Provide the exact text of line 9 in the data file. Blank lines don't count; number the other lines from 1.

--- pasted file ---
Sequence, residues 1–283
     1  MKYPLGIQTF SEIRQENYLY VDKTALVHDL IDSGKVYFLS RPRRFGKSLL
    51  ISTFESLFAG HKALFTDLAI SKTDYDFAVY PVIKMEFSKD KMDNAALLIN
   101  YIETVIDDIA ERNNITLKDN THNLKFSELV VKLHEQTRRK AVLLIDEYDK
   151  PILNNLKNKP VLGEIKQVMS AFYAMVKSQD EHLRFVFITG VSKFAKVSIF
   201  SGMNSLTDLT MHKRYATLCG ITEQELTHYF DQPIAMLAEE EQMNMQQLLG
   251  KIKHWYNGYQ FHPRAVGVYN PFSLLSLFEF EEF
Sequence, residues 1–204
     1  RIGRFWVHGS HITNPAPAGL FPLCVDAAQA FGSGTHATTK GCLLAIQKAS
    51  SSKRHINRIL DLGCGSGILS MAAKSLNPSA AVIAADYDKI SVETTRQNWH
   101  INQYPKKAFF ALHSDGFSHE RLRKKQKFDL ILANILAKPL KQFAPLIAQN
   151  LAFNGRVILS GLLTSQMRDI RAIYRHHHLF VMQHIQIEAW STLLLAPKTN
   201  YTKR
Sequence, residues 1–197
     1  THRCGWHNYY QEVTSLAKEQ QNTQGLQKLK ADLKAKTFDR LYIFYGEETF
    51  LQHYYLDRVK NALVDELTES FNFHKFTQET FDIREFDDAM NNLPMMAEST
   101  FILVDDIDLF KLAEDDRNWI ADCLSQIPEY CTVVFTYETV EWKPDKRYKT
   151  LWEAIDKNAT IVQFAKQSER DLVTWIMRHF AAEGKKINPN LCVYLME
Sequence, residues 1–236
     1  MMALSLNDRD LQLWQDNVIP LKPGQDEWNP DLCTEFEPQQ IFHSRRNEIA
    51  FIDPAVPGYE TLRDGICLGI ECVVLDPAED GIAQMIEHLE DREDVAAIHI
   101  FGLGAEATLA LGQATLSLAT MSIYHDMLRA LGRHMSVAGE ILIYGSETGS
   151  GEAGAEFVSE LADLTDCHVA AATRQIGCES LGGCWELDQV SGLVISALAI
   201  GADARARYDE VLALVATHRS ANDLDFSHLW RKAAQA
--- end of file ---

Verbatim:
     1  RIGRFWVHGS HITNPAPAGL FPLCVDAAQA FGSGTHATTK GCLLAIQKAS